This model is called the Wright-Fisher model for genetic drift (when $n$ is even). Each gene in a population is a copy of a random gene from the previous generation. You are looking at the case that a mutation occurs at time $0$, and then you are asking how long it takes for the gene to be fixed. The following argument seems to be standard:

Let $D_t$ be the count of pairs of genes of different types. $D_t = b_t(n-b_t)$. So, this starts at $n-1$, it is always at most $n^2/4$, and it is $0$ when the gene is fixed.

$$\begin{eqnarray}E[D_{t+1}|b_t] &=& {n \choose 2}\times 2\frac{b_t}{n}\frac{n-b_t}{n} \newline &=& \frac{n^2-n}{n^2} b_t(n-b_t) \newline &=&(1-\frac{1}{n})D_t\end{eqnarray}$$

Since $D_0 = n-1, E[D_t] = (n-1)(1-\frac{1}{n})^t.$

We can use this for easy upper and lower bounds on the probability that the population has been fixed. or equivalently that it has not been fixed. Let $\tau$ be the first time the population is fixed. If $\tau \le t$ then $D_t=0$. If $\tau \gt t$ then $n-1 \le D_t \le n^2/4$.

$$\begin{eqnarray}P(\tau \gt t) (n-1) &\le & ~~~~E[D_t] &\le & P(\tau \gt t) \frac{n^2}{4} \newline \bigg(1-\frac{1}{n}\bigg)^{-t}&\le & P(\tau > t)^{-1} &\le & \frac{n^2}{4(n-1)} \bigg(1-\frac{1}{n}\bigg)^{-t} \newline \bigg(1-\frac{1}{n}\bigg)^t& \ge& P(\tau > t) &\ge & \frac{4(n-1)}{n^2} \bigg(1-\frac{1}{n}\bigg)^t.\end{eqnarray}$$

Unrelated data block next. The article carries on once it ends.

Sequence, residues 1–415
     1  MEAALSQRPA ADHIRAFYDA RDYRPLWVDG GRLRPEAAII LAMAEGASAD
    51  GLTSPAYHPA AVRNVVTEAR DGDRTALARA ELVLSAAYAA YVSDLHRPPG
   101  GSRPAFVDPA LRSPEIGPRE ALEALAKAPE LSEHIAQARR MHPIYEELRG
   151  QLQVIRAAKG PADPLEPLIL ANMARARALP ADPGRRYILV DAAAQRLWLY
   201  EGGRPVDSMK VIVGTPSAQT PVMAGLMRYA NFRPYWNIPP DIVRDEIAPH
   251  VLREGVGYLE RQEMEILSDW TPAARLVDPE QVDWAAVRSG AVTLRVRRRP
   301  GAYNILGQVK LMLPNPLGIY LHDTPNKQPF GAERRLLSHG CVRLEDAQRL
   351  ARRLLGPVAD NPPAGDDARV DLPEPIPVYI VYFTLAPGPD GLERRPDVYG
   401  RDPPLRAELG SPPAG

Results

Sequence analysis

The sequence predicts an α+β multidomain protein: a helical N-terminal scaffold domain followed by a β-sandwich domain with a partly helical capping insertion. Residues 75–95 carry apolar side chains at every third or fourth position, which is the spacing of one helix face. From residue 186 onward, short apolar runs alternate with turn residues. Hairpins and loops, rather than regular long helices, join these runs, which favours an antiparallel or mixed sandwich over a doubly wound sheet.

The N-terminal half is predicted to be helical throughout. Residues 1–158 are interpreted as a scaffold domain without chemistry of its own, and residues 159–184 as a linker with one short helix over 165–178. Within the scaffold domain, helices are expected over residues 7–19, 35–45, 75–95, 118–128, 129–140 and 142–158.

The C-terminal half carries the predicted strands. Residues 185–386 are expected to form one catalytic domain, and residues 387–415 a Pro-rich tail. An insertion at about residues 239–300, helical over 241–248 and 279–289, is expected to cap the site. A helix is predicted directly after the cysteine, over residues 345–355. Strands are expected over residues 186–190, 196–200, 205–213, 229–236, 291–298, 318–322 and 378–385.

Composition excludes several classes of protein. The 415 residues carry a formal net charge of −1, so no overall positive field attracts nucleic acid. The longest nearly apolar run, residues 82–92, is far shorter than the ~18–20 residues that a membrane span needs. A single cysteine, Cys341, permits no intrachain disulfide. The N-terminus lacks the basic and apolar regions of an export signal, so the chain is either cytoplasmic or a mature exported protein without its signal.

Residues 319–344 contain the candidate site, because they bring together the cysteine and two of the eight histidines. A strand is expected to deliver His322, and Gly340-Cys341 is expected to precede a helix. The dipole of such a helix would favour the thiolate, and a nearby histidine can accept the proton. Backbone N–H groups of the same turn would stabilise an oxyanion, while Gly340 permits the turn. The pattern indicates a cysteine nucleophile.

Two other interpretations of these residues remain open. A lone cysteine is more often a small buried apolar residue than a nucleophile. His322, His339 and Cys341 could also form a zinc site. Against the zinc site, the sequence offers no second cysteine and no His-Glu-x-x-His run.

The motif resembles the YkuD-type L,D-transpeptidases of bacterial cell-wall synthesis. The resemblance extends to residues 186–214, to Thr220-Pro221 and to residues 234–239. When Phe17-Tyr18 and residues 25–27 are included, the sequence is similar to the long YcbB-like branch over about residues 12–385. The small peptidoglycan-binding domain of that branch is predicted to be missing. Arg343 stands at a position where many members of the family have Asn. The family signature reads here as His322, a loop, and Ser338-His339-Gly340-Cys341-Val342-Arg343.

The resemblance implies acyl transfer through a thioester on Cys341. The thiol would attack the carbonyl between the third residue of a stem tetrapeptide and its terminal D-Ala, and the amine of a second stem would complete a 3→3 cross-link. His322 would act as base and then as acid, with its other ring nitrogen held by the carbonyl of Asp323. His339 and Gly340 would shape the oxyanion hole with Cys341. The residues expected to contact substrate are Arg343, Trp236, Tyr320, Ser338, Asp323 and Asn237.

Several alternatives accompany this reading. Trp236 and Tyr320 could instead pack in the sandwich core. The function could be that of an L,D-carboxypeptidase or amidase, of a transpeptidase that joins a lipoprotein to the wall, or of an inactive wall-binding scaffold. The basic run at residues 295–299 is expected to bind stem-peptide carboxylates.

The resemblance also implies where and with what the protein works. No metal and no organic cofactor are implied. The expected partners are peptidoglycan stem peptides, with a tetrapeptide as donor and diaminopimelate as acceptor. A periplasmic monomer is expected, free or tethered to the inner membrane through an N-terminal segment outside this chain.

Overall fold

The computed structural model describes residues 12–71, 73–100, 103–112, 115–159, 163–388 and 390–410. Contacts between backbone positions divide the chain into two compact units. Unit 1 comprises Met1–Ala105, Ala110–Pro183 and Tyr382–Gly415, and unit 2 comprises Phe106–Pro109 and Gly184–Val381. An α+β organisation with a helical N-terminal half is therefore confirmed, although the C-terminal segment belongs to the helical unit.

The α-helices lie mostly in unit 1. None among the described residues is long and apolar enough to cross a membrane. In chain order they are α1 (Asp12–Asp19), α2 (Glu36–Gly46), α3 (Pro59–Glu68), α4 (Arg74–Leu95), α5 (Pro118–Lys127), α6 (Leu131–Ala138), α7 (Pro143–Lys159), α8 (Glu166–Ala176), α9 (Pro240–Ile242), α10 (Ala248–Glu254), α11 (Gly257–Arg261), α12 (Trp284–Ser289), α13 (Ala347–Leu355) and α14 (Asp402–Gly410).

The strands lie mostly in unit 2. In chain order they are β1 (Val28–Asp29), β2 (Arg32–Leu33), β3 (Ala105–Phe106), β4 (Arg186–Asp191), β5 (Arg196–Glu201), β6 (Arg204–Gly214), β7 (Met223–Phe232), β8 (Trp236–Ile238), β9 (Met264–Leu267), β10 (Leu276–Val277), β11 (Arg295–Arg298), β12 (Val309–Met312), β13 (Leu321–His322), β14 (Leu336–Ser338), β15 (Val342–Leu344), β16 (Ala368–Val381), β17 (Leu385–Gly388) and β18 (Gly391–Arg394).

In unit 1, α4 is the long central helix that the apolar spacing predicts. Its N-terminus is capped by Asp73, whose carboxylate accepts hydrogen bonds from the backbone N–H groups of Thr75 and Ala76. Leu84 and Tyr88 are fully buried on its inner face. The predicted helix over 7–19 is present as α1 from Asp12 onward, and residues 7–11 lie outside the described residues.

You ask about the probability that the gene is fixed in one direction. The probability that the mutation takes over the population is $1/n$, so a lower bound for the probability that $b_t = 0$ is $1-(1-\frac{1}{n})^t-1/n$.

While the estimate

$\frac{D_0}{n-1}\bigg(1-\frac{1}{n}\bigg)^t \ge P(\tau \gt t) \ge \frac{4D_0}{n^2} \bigg(1-\frac{1}{n}\bigg)^t$

is reasonable when $b_0 = \Theta(n)$, it's not great if you fix $b_0=1$ as $n\to \infty$. $\bigg( 1-\frac{1}{n} \bigg) ^t \approx e^{-t/n}$. This estimate gets weaker, but the chance that $b_t=0$ increases with $n$. In the limit $n\to \infty$ we can consider the map $b_{t+1} = \textrm{Pois}(b_t)$. As $t\to \infty, P(b_t=0) \to 1$. This can be computed exactly:

$$\begin{eqnarray}P(b_1 = 0) &=& e^{-1} \newline P(b_2 = 0) &=& e^{e^{-1}-1} \newline P(b_3 = 0) &=& e^{e^{e^{-1}-1}-1} \newline P(b_{t+1} = 0) &=& \sum_{k=0}^\infty \frac{1}{e~ k!}P(b_t=0)^k = \exp(P(b_t=0)-1)\end{eqnarray}$$

$e^{x-1}$ has a parabolic fixed point at $1$, with expansion $1 + (x-1) + \frac{1}{2}(x-1)^2 + o((x-1)^2)$. This indicates that the convergence to $1$ is something like $1-c/t$. Since $P(b_{1000} = 0) = 0.998008$ it appears that $c = 2$.